Wednesday, November 25, 2015

Thanksgiving,the great All-American holiday

Thanksgiving is always celebrated on the fourth Thursday of November and celebrates the Pilgrims first harvest in 1621 with a feast. Pilgrims should not be confused with Puritans who established Massachusetts Bay Colony, Boston, in 1628.

This is the great All-American holiday, in my book, because it requires us to stop, reflect, be together and remember what life has brought us: family, friends, high school and college football games and a great deal of wonderful food spread out on a well thought out table. Yet, all defined by Turkey size and aromatics.

I wish you the best holiday and hope we can celebrate the simple joys of health and life and safety. In that regard, we each seek consistency in our lives and nothing is truer to that  than the good will and effort given by our Staff, Board, Town Staff and officials, the FVGLA, Friends of the Library and our many volunteers who all together add great value to our work. Indeed, it is remarkable, that during this globally conflicted and volatile times, people still practice a dedication to others quietly and effectively. Indeed, many today are as confused, angry and fearful of their future as others are, yet they take time to make a quiet difference without regard to who the difference comes to, but rather that good for one equals good for all. Dostoevsky’s, the little orphan, presents an emotive and Dostoevskian reality to remind us of the importance of kindness.

I wish everyone health and poetry this thanksgiving season.

All my Best,


Tuesday, November 3, 2015

From Carnegie Hall and Lincoln Center to the Farmington Libraries; The Karkowska Sisters Classical Concert Series was fabulous!

The Karkowska Sisters were a great hit here again as the sisters wowed the audience with their virtuosity 
and musical selection at the 
Hoppin Gallery.

Lieutenant James Palache July 3, 1896 - May 15 -1918

Veterans Day 2015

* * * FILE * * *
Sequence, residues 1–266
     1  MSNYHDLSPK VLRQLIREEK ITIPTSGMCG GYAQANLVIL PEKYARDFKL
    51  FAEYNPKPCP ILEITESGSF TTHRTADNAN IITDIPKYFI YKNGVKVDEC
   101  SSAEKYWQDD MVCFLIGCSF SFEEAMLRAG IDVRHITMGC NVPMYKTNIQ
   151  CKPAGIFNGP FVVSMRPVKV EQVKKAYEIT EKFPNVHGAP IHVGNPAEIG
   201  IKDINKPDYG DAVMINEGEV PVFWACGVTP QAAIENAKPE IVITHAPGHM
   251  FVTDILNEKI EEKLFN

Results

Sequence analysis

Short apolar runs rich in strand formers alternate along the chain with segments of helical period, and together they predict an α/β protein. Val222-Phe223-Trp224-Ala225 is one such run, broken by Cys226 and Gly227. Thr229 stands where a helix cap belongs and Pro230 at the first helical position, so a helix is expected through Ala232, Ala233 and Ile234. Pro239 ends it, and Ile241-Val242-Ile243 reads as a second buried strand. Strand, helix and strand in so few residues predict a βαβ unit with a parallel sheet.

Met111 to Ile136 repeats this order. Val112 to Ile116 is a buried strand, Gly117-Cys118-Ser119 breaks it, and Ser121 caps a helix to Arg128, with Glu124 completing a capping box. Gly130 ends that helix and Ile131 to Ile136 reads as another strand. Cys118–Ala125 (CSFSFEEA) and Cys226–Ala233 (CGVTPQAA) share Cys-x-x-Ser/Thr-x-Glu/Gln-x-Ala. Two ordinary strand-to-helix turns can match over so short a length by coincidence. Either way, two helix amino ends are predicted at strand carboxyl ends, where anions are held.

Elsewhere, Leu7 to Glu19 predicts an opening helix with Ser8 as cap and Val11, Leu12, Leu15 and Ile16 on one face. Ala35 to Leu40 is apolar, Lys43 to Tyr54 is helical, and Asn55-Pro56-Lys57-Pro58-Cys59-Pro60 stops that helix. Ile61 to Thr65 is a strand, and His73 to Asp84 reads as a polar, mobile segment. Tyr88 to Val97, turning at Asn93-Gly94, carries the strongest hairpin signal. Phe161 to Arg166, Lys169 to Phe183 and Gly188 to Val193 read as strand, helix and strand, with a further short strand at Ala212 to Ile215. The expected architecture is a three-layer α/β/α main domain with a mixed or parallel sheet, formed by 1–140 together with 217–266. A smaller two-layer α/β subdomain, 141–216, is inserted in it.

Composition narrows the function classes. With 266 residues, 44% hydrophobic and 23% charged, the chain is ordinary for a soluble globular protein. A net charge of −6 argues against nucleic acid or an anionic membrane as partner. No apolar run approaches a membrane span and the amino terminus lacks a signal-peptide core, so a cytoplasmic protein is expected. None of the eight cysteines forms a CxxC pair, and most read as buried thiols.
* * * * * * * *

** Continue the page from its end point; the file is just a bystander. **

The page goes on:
When I ponder Veterans Day, my thoughts naturally go back to my submarine shipmates on TridentDace, and Flying Fish who all served well with me during the Vietnam and the Cold War. Many have since died or were killed in action long ago however, they are still with me in my thoughts and the memories of those who knew and loved them. This Veterans Day, however, my attention is drawn to Lieutenant James Palache, whose memorial plaque resides in the North Wing of the Barney Library. James Palache, Harvard College, class of 1918 left college early to volunteer in the service of his country.   And, while serving, was mortally wounded by a high-explosive shell in Cantigny, France while actively commanding his men in relief of French positions; “but he continued to fight hand to hand with German soldiers whom he subdued, and in so doing gave courage and inspired his comrades”. Lieutenant Palache was Farmington's first casualty and died May 28, 1918.  Farmington’s Joan Hooker remembers when she was in her twenties the Palaches lived here, she said in a 1969 letter: “I think of the boys who, never came back from France. Young Palache died there too, leading his men. He had just written to his father, 'It's the men in the ranks; who count', and I remember his father marching in our Victory Parade"'. Farmington Post No. 53, of the American Legion, bears James Palache' name. His father Whitney Palache, vice-president of the Hartford Insurance Company, set up a fund in our Village Library for the purchase of history books in the promotion of history, in his name during the War to End All Wars. I invite you to read more about Palache and others at our Library by beginning with the enclosed links.